The Plot Thickens

Along with the character and gameplay modifications, the plot would need to change as well. What was this new Mario game all about anyway? According to the game:

Mario has a dream of a staircase leading to a mysterious door to a mysterious place. A voice identifies the world as the dreamland of Subcon, and asks for Mario's help in defeating the villainous frog named Wart, a tyrant who has cursed Subcon and its people. Mario suddenly awakes and decides to tell Luigi, Toad, and Princess Toadstool, who all report experiencing the same dream. The group goes on a picnic, but discovers a cave with a long staircase. Through a door at the top, they are transported to Subcon, revealing their dreams to have been real. After defeating Wart, the people of Subcon are freed and everyone celebrates. Mario suddenly awakes in his bed, unsure if these events were a dream. He soon goes back to sleep.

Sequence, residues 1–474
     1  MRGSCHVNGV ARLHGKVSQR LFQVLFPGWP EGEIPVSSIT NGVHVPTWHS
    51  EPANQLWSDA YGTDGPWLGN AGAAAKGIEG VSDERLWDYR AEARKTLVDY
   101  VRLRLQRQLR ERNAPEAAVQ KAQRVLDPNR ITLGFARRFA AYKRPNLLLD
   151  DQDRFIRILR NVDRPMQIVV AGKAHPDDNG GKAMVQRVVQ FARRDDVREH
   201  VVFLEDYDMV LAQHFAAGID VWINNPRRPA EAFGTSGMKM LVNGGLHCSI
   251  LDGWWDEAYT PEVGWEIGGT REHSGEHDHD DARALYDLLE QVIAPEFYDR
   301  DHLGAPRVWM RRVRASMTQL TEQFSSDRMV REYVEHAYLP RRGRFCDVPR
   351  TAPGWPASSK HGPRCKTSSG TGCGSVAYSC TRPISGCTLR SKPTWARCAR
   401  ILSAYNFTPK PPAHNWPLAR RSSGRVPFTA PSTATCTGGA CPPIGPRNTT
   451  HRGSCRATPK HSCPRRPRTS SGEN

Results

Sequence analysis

So it was all just a dream... possibly from some factory of some sort. Or was it? In the original, the whole thing takes place inside a book that tells the story of a dream machine that's been twisted to produce nightmares. Maybe if we pulled back a bit, Toad could have  been reading Mario a bedtime story. While dreams are often been used in tabletop games as methods of going on adventures, books are all too often left to the sideline. They're featured as literary tools in…well, books… along with movies and the aforementioned video game example. This could become an especially handy tool for characters who might already be focused on books. That's not the only tabletop inspiration we can garner, though. We have yet to talk about gameplay.

Player Select